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I have two papers on the same data, but each gave me different results as I used different methods. I sent one of them to a journal and am waiting for the response which may take months.

The problem is that I need to publish the second one, which gave me a better result, at a conference. If it is accepted it will be published before the first one that I sent to the journal.

The question is: will the publication of the second one (at a conference) affect the journal's decision about the first one?

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    Better means nothing, if you do not clarify in which sense. Two methods to process the same dataset, it looks like they are independent papers. However, if the second paper method is really better, maybe you should stop the reviewing process of the first paper: it is a waste of time if you found a better method. On the other hand, if the first paper is presenting some theoretical study and the dataset is used only for validation of the theoretical study, it may be the case that it is worthwhile to publish it.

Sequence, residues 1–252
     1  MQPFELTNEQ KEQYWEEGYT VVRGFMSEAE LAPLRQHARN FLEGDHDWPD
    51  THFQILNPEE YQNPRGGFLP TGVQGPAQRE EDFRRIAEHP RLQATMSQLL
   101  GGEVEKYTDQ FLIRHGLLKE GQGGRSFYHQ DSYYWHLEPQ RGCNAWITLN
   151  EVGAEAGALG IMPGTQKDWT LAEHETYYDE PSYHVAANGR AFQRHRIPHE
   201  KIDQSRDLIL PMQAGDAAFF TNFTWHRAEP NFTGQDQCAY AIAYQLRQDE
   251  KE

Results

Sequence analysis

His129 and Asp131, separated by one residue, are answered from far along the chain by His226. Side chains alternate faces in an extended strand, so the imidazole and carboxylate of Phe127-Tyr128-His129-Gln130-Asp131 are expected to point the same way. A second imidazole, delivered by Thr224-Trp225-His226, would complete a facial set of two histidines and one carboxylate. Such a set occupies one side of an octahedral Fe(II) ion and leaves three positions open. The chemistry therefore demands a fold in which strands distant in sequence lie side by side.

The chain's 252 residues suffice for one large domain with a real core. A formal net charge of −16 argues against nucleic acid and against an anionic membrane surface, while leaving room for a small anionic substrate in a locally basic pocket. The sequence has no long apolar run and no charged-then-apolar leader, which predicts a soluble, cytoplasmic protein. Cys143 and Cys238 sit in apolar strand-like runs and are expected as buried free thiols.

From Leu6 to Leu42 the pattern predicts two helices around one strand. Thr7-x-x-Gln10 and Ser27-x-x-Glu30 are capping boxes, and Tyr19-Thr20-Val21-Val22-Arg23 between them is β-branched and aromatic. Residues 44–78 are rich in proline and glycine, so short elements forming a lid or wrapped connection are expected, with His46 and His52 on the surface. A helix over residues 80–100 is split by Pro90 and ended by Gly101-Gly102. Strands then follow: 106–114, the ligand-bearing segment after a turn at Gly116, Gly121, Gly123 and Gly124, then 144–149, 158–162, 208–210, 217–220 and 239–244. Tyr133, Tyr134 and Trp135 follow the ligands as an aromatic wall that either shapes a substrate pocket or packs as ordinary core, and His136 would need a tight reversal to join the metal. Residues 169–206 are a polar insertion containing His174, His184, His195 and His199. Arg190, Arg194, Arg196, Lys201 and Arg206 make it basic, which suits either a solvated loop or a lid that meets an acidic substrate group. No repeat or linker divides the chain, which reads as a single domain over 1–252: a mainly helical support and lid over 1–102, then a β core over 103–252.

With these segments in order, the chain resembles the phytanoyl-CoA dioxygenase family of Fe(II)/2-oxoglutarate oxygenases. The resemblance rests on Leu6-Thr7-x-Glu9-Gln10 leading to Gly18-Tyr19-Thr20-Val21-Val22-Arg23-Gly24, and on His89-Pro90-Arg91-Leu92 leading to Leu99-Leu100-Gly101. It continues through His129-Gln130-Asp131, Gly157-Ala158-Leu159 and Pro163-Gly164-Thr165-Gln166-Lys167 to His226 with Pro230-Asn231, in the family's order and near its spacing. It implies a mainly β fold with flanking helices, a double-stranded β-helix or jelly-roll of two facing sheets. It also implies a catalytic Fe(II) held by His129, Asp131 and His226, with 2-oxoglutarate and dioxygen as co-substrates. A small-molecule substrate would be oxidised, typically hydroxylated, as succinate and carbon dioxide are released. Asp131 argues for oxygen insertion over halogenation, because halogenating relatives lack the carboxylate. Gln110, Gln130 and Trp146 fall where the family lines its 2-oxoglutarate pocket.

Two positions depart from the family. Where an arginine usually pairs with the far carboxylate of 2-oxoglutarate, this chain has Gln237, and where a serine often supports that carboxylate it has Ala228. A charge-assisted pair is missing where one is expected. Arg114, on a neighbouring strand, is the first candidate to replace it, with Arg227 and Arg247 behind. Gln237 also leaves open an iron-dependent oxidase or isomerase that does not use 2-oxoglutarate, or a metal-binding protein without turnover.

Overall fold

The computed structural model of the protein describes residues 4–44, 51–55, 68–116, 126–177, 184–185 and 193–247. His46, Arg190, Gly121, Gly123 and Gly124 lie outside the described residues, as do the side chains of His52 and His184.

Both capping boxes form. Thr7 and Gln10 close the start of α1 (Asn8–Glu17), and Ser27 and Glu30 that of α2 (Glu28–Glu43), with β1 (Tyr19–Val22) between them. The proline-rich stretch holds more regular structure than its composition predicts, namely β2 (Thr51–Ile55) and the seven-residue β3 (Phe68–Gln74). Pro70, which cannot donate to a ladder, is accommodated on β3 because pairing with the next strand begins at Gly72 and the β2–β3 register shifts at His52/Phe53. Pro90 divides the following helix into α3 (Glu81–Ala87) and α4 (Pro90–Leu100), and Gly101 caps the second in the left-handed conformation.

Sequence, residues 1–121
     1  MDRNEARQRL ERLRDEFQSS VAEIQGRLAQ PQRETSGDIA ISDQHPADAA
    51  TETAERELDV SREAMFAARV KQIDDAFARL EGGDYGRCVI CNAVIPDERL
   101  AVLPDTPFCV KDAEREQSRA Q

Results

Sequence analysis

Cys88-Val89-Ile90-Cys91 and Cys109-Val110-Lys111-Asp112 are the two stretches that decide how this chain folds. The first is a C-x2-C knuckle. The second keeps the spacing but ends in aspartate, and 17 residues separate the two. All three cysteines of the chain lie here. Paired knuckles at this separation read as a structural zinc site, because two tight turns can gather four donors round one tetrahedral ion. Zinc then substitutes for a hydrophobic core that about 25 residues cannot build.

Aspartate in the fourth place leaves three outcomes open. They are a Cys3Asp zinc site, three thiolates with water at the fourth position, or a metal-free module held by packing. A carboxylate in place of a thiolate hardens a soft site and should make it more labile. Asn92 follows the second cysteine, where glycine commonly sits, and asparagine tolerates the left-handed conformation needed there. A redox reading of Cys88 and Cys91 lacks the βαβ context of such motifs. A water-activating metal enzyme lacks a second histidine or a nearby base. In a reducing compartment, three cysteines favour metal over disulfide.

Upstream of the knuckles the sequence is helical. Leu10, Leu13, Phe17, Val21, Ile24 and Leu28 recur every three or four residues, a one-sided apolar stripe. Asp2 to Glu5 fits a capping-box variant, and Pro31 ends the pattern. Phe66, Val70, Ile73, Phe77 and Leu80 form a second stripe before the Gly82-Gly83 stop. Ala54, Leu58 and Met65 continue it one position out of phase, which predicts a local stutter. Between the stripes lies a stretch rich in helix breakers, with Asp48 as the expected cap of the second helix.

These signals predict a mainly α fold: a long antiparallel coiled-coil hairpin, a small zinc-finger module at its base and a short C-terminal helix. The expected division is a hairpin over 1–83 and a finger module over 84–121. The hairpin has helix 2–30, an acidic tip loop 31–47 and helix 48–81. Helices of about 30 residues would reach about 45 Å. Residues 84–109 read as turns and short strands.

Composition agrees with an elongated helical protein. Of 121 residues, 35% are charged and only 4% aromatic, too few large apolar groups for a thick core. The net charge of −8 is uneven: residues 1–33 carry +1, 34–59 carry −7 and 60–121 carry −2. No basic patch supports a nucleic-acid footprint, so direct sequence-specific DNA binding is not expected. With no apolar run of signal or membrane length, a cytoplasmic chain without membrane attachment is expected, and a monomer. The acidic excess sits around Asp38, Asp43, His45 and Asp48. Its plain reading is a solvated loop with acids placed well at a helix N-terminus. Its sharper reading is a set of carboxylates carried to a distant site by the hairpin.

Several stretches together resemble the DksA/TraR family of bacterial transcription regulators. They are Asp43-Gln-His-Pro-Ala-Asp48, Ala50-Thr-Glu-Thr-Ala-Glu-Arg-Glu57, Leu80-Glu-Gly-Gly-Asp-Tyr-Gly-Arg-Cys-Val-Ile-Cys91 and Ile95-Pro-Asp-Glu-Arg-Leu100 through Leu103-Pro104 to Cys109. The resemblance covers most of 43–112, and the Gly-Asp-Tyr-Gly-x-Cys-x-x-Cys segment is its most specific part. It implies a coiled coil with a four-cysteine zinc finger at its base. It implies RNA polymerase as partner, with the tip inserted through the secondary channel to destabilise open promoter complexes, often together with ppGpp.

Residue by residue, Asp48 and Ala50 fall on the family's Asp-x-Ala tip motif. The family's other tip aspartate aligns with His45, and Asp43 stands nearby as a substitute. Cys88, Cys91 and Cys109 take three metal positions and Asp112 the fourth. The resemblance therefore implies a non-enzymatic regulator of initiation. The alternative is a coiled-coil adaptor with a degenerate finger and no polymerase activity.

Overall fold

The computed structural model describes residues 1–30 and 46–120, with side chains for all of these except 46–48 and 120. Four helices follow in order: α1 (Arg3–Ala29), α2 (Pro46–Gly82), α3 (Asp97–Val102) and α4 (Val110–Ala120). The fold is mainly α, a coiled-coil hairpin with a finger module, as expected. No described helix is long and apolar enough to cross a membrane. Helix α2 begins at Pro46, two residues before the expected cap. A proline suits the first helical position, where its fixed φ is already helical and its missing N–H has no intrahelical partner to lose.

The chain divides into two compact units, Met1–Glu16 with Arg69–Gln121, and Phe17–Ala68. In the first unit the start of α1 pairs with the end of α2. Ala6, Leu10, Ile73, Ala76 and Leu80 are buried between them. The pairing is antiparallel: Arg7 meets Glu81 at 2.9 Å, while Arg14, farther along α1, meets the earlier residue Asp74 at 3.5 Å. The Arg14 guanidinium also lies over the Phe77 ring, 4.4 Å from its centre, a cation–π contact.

– EarlGrey
    Aug 18, 2022 at 7:59

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Questions you need to ask yourself to answer 'yes':

Did you split one paper into two to get more papers? Do both papers heavily cite each other? Do the policies of the Journal or Conference explicitly forbid something like this?

Questions you need to ask yourself to answer 'no':

Are both papers completely independent of each other? Do they use the same data but make independent interpretations? Can a reader read any one before the other without having to ask for clarification?

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